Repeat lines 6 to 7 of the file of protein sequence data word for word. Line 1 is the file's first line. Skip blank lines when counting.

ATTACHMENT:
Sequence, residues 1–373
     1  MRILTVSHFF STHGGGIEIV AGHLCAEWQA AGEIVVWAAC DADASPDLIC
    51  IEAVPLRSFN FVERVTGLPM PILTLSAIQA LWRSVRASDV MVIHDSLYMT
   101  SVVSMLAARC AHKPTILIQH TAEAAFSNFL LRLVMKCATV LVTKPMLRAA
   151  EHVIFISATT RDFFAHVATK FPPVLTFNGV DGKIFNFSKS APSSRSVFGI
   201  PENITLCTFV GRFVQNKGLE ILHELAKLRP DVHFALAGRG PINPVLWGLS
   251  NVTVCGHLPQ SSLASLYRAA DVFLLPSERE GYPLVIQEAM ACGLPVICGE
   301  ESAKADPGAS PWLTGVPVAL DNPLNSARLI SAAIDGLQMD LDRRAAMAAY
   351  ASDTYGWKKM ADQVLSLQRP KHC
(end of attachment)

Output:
   201  PENITLCTFV GRFVQNKGLE ILHELAKLRP DVHFALAGRG PINPVLWGLS
   251  NVTVCGHLPQ SSLASLYRAA DVFLLPSERE GYPLVIQEAM ACGLPVICGE